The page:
The Nigerian Civil Aviation Authority has been gearing up to submit the aviation restart plan to the Country’s Presidential Task Force on COVID-19 on Wednesday, airline operators have expressed readiness to begin flight operations.
Nigeria government last Thursday, canceled initial plan to allow domestic flights resume 24 hours before the set June 21 date.
Airline operators who spoke to Punch Newspaper said it was not good for the industry to remain grounded.
According to the report by Punch Newspaper, Media and Communications Manager of Dana Air, Kingsley Ezenwa, said the industry needed to restart as soon as possible.
He said, “The aviation sector is a sector that contributes to the growth of the economy and further cancellation is not too good for the industry. It is taking close to three months now; airplanes are packed, people are home.
“The support the government spoke about has not come and it is very important that the industry restarts to avoid job losses.”
He said Dana Air had done its own part to ensure customer safety onboard and stressed the importance of an industry restart.
Ezenwa said, “We cannot offer the service people are paying for. The PTF’s decision is in the country’s interest.
“However, there is a need for us to restart the economy. The transport industry is moving already. Contracting this virus onboard is very low according to the research released by International Air Transport Association.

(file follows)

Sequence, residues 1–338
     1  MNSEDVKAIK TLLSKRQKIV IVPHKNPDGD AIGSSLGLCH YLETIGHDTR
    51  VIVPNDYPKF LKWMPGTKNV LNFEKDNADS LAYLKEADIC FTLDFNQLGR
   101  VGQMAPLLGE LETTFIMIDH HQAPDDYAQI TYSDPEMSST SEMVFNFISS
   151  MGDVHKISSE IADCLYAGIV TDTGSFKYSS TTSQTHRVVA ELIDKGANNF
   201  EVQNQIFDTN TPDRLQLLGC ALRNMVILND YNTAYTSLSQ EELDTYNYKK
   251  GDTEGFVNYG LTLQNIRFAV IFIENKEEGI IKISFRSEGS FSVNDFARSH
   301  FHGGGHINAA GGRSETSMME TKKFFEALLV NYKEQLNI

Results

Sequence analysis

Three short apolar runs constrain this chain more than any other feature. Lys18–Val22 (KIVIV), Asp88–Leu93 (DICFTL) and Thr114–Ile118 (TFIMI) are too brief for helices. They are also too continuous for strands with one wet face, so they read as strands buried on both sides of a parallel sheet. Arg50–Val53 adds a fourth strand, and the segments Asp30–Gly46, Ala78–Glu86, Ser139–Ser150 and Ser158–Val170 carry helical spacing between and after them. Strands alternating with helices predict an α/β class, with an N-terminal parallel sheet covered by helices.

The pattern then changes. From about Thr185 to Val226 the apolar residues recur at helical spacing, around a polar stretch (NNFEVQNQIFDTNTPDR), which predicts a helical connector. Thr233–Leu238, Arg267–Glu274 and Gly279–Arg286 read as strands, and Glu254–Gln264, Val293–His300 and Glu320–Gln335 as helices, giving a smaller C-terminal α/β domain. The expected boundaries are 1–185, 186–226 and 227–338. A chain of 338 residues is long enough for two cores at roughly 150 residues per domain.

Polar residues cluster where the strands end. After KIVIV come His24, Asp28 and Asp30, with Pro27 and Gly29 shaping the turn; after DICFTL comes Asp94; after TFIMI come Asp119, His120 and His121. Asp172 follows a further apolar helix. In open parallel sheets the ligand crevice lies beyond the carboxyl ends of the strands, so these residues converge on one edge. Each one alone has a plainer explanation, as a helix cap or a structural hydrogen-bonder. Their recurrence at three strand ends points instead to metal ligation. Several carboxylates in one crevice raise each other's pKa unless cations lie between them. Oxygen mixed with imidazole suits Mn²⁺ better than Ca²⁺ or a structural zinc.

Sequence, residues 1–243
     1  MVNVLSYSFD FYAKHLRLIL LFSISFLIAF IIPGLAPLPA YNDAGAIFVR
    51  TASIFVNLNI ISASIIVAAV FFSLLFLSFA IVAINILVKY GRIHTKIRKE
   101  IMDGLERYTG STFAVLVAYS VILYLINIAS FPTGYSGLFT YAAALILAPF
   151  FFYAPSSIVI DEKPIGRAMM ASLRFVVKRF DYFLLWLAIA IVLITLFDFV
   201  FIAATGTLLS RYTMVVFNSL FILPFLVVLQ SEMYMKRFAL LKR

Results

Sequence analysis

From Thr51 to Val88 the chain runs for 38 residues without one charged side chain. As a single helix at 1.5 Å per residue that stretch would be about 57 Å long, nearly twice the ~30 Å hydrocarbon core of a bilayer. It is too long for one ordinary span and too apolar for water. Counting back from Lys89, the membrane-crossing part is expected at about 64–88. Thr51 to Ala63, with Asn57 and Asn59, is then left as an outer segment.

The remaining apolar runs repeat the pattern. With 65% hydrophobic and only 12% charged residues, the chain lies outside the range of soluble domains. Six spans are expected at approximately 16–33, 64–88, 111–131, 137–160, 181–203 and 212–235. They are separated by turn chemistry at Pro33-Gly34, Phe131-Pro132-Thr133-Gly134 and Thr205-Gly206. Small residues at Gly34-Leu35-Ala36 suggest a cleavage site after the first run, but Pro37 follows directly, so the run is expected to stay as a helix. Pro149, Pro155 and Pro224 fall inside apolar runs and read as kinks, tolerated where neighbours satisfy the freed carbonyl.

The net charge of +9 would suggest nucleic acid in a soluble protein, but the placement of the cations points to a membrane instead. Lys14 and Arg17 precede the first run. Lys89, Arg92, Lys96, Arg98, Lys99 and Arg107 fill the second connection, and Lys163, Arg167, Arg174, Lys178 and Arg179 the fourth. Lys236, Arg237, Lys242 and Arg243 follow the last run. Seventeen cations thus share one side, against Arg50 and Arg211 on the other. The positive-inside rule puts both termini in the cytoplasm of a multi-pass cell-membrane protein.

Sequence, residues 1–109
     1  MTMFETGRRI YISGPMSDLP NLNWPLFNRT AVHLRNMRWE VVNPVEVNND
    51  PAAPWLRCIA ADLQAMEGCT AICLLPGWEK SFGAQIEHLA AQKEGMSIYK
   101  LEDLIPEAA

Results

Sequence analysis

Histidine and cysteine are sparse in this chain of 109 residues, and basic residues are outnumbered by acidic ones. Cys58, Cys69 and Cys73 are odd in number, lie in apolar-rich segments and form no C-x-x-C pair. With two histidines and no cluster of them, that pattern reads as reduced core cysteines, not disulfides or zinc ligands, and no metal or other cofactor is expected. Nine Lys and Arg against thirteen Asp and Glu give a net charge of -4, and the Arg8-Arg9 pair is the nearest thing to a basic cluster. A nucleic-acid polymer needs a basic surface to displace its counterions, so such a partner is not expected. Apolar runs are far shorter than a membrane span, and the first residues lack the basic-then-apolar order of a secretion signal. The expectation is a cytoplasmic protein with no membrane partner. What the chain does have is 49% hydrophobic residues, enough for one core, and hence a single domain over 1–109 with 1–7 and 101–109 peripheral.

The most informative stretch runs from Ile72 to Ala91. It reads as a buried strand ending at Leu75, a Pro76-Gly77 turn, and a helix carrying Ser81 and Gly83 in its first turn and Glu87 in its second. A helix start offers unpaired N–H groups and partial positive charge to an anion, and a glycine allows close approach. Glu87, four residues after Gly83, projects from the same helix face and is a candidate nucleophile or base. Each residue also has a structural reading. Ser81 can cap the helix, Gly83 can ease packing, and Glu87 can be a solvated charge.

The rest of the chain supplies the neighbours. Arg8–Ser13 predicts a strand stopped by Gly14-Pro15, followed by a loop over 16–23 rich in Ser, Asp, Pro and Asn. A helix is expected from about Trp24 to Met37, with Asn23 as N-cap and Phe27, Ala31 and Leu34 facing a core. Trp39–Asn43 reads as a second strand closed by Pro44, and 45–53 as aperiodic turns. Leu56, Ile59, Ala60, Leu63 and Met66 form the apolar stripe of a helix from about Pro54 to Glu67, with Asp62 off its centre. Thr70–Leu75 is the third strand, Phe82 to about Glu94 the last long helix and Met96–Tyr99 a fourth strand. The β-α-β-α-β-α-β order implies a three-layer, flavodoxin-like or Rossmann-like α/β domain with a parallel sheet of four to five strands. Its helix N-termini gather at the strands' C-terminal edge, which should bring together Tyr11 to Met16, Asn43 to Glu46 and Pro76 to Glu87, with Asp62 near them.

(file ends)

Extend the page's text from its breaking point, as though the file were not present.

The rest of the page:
“It is not impossible, but based on IATA’s research, it is very low to catch the virus onboard as long as safety precautions are utilised.”
The Managing Director of Aero Contractors, Capt. Ado Sanusi, noted that airlines had developed protocols to meet the NCAA’s requirement for flight operations
He said, “For us, we are developing protocols regarding the restart and when we are done, we will meet with the NCAA and tell them we are ready to start.”
He noted more attention should be paid to when the airports would open and how ready the airspace is rather than when airlines would fly.
He said, “The best thing is to open the airspace and say any airline that is ready to restart or has conformed with the protocols should fly.
“What you should do is ask the PTF when they would open the airspace. Opening the airspace doesn’t mean that the airlines would fly anyhow. They would have to conform to NCAA’s guidelines before flying.”
He added, “We should stop putting the horse before the cart and asking airlines when they would fly before the airports are ready.
“We should ask the Federal Government to open the airspace and when they do so, questions can then be directed to the airlines: ‘Why are you not flying? What protocols have you not met?’”
Aviation Analyst, Olumide Ohunayo, expressed his disappointment with the PTF decision to stall the resumption of domestic flights.
He said, “For me, I was disappointed to hear it from the PTF. I would have expected the NCAA to inform the industry prior to the announcement.”
Ohunayo argued that the airlines who have met the 70 per cent cut off by the NCAA should have been allowed to resume operations.
He said, “It is not from the airlines. That percentage given by the airlines which is about 60 -70 per cent shows that they have enough airplanes and crew that can start post-COVID operations.
“We don’t expect to have the full capacity and operational prowess that was available to the industry before COVID-19 because passengers too, take time to build. I think the few airlines can restart the process.”
He suggested that the only terminal in Lagos be open for operations.
Ohunayo said, “Now that we have one terminal in Lagos, invariably Lagos can start with that one terminal that is available.
“They should only reduce the number of flights so that the terminal will not be overstretched.
“What can be done is to ensure that we get Abuja ready and one other airport since Abuja has a higher percentage than the rest.”
Ohunayo stated that it was important that flight resumed in earnest.